When you have 2 bodies bonded together with a sharp corner, a discontinuity exists and the stresses computed near the discontinuity are meaningless. My question is, are the free body forces also meaningless near the discontinuity?

Thanks.

When you have 2 bodies bonded together with a sharp corner, a discontinuity exists and the stresses computed near the discontinuity are meaningless. My question is, are the free body forces also meaningless near the discontinuity?

Thanks.

I'm attempting to determine weld size using the procedure contained in the attachment "116_Welds.pdf" which references "Determination of Weld Loads & Throat.pdf". I am working on a tank with under-head legs. The legs are W6x15, the lower tank head is 2:1 elliptical shape. Everything is modelled as surface bodies in a single part file.

The bottom of the legs are fixed. I applied a remote load (rigid connection) to the top edge of the head. The location of the remote load is at the tank's centroid. The load is primarily a vertical load with a much smaller horizontal load.

I used split faces on the legs to space the nodes 1/4" apart with an instance of 1/8" node spacing on the end of the beam's flanges. I also used split faces on the head as can be seen above. I used draft quality mesh, with global bonded compatible mesh settings, but the mesh didn't seem to be compatible. I checked all my settings and everything seemed ok, but clearly the mesh is off.

So I added more split lines to the head even though I don't think its required.

This mesh satisfied me, so I ran the study.

To be continued...

Here are the free body forces on the first three nodes of one of the beam flanges:

The forces drop significantly over a very small distance. The first and second nodes are 0.125" apart in the z-direction. The second and third nodes are 0.25" apart in the z-direction.

To finish out the rest of the process you convert the load components into a resultant force per inch. Node 1 = 5667 lbs/in; Node 2 = 475 lbs/in; and Node 3 = 211 lbs/in.

And that's when I became concerned. That just doesn't seem realistic.

I'm currently trying to recreate the example problem that I was following. I'll post up what I find.

I agree, but the free body forces still seem off. I think the end node is way higher than it should be for how fast the forces drop off. Look at the resultant force per inch that I posted yesterday. What it boils down using the procedure is the 1st node requires an 11/16" nom. weld, and the 2nd and 3rd node only require a 1/16" nom. weld.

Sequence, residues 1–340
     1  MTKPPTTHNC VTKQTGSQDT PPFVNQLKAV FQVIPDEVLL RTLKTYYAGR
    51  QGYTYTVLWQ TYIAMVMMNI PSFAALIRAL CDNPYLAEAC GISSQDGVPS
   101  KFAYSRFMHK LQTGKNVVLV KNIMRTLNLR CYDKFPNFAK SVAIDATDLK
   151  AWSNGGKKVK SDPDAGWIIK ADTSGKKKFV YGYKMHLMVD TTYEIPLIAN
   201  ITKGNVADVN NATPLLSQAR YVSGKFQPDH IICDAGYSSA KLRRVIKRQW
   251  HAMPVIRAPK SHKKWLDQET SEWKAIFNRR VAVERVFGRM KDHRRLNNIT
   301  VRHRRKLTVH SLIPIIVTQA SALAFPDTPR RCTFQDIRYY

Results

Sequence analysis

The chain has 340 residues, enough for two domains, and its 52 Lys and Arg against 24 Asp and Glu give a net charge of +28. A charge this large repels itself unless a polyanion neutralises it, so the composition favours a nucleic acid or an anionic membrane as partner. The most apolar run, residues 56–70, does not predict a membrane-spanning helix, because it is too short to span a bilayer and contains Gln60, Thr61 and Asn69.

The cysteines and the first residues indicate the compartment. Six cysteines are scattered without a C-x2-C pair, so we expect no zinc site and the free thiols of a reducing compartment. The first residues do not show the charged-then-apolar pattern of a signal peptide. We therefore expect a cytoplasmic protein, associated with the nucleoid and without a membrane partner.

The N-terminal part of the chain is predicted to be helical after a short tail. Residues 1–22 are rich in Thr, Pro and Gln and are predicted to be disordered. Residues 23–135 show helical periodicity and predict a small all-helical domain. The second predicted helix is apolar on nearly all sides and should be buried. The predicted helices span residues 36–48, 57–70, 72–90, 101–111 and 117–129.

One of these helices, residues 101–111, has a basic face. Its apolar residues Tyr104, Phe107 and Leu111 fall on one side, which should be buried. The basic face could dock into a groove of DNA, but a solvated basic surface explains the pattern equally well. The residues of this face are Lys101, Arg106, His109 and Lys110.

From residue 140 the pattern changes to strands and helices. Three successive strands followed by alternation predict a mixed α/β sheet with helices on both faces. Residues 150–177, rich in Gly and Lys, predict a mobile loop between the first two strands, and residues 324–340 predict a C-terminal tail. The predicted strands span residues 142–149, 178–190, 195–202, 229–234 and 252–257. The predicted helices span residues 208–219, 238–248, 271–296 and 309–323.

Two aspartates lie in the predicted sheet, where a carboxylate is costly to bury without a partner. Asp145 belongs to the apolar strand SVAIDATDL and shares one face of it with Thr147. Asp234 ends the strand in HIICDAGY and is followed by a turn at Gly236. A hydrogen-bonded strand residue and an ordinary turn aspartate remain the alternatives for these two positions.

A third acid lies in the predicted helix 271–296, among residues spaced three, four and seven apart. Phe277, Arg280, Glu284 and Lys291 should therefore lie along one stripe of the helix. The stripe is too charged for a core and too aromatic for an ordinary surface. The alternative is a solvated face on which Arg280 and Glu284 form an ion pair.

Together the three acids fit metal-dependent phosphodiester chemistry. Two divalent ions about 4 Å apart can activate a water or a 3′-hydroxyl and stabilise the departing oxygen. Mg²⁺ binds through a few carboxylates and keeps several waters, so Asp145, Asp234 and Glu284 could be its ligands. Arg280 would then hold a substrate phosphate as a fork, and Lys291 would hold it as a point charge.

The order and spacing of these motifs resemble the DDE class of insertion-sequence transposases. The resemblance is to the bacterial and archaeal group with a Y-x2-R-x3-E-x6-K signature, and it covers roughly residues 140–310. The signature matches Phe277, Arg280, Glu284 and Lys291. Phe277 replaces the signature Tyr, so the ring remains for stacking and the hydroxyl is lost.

What happens if you continue past the 2nd and 3rd nodes? If you've got a trend line for every node along that interface, and it's just the last point that suddenly spikes, perhaps you can extrapolate for the last point then multiply by the stress concentration coefficient to get a more realistic result, given that the end point of that connection will be a point of stress concentration in the real world.

Totally forgot about this thread, to which I want to make a correction to my previous statement.

Whether or not stress singularities will effect your internal force results depends on how the software calculates said forces. If the software is using the stiffness matrix and the displacement field solution to calculate the internal forces, then no, stress singularities will not effect the internal force solution. However, if the software is integrating the stress over the area to calculate the internal forces, then stress singularities will effect your internal force values. I did some digging around and I cannot find out which method SW uses, so you might want to do some testing with a very basic model to gain some insight.

No; typically the reaction loads will not be impacted by stress singularties. However, note that convergence on energy norms does not imply convergence on internal forces. If you primary concern are internal loads, then make sure that they converge.